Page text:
Sweet potatoes are naturally sweet. You don’t need much sweetener to make them taste good. I’ve experimented with lots of different options and this year I’m adding date honey. It isn’t actually honey — just has honey’s consistency. Sometimes it’s sold as date molasses or silan. 

Date honey has an intense flavor. Use just a small amount when you want to sweeten food. I pour a bit over plain yogurt for breakfast. I’ve added it to cake. Swirled some into the basting fluids for roasted chicken.  

It’s perfect for sweet potatoes.

Coconut oil adds a bit more of a sweet taste and you don’t need much to enrich this dish — 2 to 3 tablespoons instead of much more butter.

Besides the fact that it isn’t overly sweet, the other virtue of this sweet potato casserole recipe is that it contains only four ingredients (plus salt). And you can make it 2-3 days ahead (keep it in the fridge).

Yes, you can add marshmallows on top for the last several minutes of baking.

Sweet Potatoes with Date Honey

  • 6 medium sweet potatoes
  • 2-3 tablespoons coconut oil
  • 1/4 cup date honey
  • 1/2 cup orange or tangerine juice
  • salt to taste

Preheat the oven to 400 degrees. Scrub the potatoes and prick each with the tines of a fork. Roast the potatoes for about one hour or until tender. When the potatoes are cool enough to handle, scoop the flesh into a bowl. Add the coconut oil, date honey, juice and salt to taste. Mix to blend the ingredients thoroughly. 

Makes 8 servings

Dairy-free Irish Soda Bread

I love Irish food. Loved it even before we actually tasted it for real in Ireland on our trip there several years ago.   I love the salmon. The boxty potato cakes. Guinness-laced beef stew. Scones.   And especially the soda bread.  The problem with soda bread though is that it’s usually made with buttermilk. So if you’re kosher and don’t eat dairy products at a meat meal, or if you have food sensitivities or allergies to dairy, you can’t have any.  Unless of course you have a very good dairy-free recipe.   Which I do!  Here it is:          Dairy-free Irish Soda Bread         3-1/2 cups all-purpose flour    1 tablespoon brown sugar    3/4 teaspoon salt    1 teaspoon baking soda    1-1/2 cups water    1 tablespoon cider vinegar    1/2 cup raisins    1 teaspoon caraway seeds (optional)         Preheat the oven to 350 degrees. Lightly grease a baking sheet. Mix the flour, brown sugar, salt and baking soda in a bowl. Add the water and cider vinegar and mix the ingredients into a soft dough. Work in the raisins with your hands. If you use the caraway seeds, work them in at the same time as the raisins. Lightly flour a pastry board or a clean work surface. Knead the dough on the floured surface 18 to 20 times. Use more flour on the board if the dough seems sticky. Shape the dough into a ball, and then flatten it slightly. Cut a small “X” on the top with the tip of a sharp knife. Place the dough on the baking sheet and bake for 40 to 45 minutes or until golden brown.      (for dairy bread: use 1-1/2 cups buttermilk instead of the water plus cider vinegar)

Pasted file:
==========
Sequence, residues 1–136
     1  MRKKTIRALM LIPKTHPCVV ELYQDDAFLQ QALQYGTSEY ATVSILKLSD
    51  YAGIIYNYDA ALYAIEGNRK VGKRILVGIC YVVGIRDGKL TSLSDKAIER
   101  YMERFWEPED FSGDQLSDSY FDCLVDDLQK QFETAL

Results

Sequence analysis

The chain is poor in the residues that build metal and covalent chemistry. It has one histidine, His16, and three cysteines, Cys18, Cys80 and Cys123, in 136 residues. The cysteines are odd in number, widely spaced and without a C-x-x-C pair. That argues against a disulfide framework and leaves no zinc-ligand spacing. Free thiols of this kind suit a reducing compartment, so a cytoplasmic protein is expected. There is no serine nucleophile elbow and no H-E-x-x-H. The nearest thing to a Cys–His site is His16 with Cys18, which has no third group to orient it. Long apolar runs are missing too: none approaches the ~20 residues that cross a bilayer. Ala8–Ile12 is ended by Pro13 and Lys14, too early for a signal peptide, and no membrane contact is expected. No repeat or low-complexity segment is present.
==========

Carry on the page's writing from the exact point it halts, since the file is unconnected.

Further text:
I love Irish food. Loved it even before we actually tasted it for real in Ireland on our trip there several years ago.

I love the salmon. The boxty potato cakes. Guinness-laced beef stew. Scones.

And especially the soda bread.

The problem with soda bread though is that it’s usually made with buttermilk. So if you’re kosher and don’t eat dairy products at a meat meal, or if you have food sensitivities or allergies to dairy, you can’t have any.

Unless of course you have a very good dairy-free recipe. 

Which I do!

Here it is:

 

 

Dairy-free Irish Soda Bread

 

 

3-1/2 cups all-purpose flour

1 tablespoon brown sugar

3/4 teaspoon salt

1 teaspoon baking soda

1-1/2 cups water

1 tablespoon cider vinegar

1/2 cup raisins

1 teaspoon caraway seeds (optional)

 

Preheat the oven to 350 degrees. Lightly grease a baking sheet. Mix the flour, brown sugar, salt and baking soda in a bowl. Add the water and cider vinegar and mix the ingredients into a soft dough. Work in the raisins with your hands. If you use the caraway seeds, work them in at the same time as the raisins. Lightly flour a pastry board or a clean work surface. Knead the dough on the floured surface 18 to 20 times. Use more flour on the board if the dough seems sticky. Shape the dough into a ball, and then flatten it slightly. Cut a small “X” on the top with the tip of a sharp knife. Place the dough on the baking sheet and bake for 40 to 45 minutes or until golden brown.

 

(for dairy bread: use 1-1/2 cups buttermilk instead of the water plus cider vinegar)

 

 

Dairy-free Pumpkin Pie

Every family has its own particular cast of characters. You know, the people comedians joke about when they say “wow, can you imagine what it’s like at their Thanksgiving dinner?”